Letting go of your heroes — Being trans and putting JK Rowling out to pasture
I missed the Harry Potter books by around four or five years, I was just that side of too old to really get into them. My exposure came through the films, memes, and general social phenomenon that exploded in the 00s. I have an affinity for Hufflepuff, wrote some riffs on the HP themes, and just enjoyed engaging with the universe. The lack of queer characters and absence of nuanced people of colour did raise an eyebrow, but HP just was. Then JK Rowling started walking down her path towards alienation, posting tweets that stopped me in my tracks and made me reconsider my whole approach to both her and her works. Now, at the tail end of 2020, I think it is fair that my fair-weather relationship with the Potterverse is over, and unless she issues an apology and does a huge about turn, I am not remotely interested in engaging with HP again.
I have plenty of friends who are far more into HP than I am, and some are going the extra mile and getting HP tattoos removed. I completely support them, and their complex relationship with the Potterverse is their own Gordian knot to untangle. All our relationships with our adolescent pop cultures is complex, in part because it was a thing when we needed it to have meaning, and at the same time it is in some part tied to their creator’s identities and beliefs. There has been a ton written over the last two years about JK Rowling and her approach to trans issues, and this question of divorcing the creator from her creation has been at the forefront. For me, and many of my acquaintances, we have simply not been able to justify the mental energy required to walk through that process, and we have set HP to one side, possibly for good.
Other creators have had similar downfalls. Michael Jackson, R Kelley, Rolf Harris, Orson Scott Card, and Kevin Spacey now have complex legacies that we all must deal with. Personally, I stopped listening to R Kelley back when the first allegations emerged, and while I did enjoy his music, all I can see are his actions. Each of us has to face up to these moments, making decisions with personal icons and deciding if we can continue enjoying and supporting their work. Virtually every public figure has a moment where they fall from grace, and while we all enjoy a comeback story, some downfalls are simply too abhorrent to justify enjoying their work again.
My own trans identity is wrapped up in my issues with JK Rowling, while my womanhood is at the front of my issues with R Kelley. No-one is forcing me to act towards them in a certain way, and while some people may call me out for being too ‘woke’, I disagree. Yes, I am critically aware of the issues at hand, and I know full well that if I put a microscope to any person I can find fault enough not to like their creative output; however, what JK Rowling in particular is doing harms a swathe of underprivileged and vulnerable adolescents who used her work to find their place in the world. Her creations are not just another universe or saga, they are the universe in which many trans and queer kids found their escape. They used the Potterverse to find meaning and identity, and much like Star Wars and Marvel HP is foundational to their way of seeing their personal struggles. It is this repudiation of what her work seems to represent that is the hardest for so many people.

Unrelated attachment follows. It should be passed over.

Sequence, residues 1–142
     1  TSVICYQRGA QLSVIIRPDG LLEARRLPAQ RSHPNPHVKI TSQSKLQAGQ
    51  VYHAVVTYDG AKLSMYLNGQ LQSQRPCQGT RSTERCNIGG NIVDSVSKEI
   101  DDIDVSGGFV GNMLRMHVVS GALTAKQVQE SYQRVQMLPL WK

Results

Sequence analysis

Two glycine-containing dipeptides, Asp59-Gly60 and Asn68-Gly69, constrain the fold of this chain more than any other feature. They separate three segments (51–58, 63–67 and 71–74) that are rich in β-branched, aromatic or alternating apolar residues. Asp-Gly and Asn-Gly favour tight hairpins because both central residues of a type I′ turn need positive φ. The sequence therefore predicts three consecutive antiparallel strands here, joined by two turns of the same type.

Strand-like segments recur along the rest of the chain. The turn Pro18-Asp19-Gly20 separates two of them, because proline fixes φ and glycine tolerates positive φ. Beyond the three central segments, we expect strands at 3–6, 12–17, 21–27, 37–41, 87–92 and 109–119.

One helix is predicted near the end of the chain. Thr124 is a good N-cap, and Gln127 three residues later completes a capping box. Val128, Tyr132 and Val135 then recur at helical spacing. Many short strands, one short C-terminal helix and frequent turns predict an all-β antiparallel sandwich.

As we grow into adulthood, we invariably leave our teenage heroes behind, and much like in Toy Story that process leaves fond memories and halcyon days. Our adolescent culture colours the rest of our lives, tethering us to archetypes and ideas that we dwell on and return to as comfort food. This gets endlessly mined by the media, hence the 80s and 90s revival currently going on, but the bigger picture is that we find warmth and security in those memories. By being confronted with letting go of a cherished part of our identities we relinquish that halcyon comfort blanket, which in turn means a big part of our core creative identity is left void.
Yes, I know I am being slightly melodramatic, but this is the impact that this is causing for a lot of Potter fans. There are plenty of other fandoms out there for us to get behind, and invariably some of those will be brought down by creator ill behaviour. Fandom is be intensely personal and something we share with a wide body of others, which in turn means that as we either voluntarily let go or decided to completely cut the cord we have people we can grieve and rage with. We sacrifice our golden calves together, roasting them till there is nothing left.
In the end, as we adult and life comes crashing in through the front door, these fan moments both define our enjoyment and perception of our childhoods. My identity has certainly played a big role in my letting go of the Potterverse, but so has my solidarity to stand by other members of the trans community who are dealing with it in their own way. Each of us chooses to act in what is best for us, and for me my HP cow is well and truly in the long grass for good.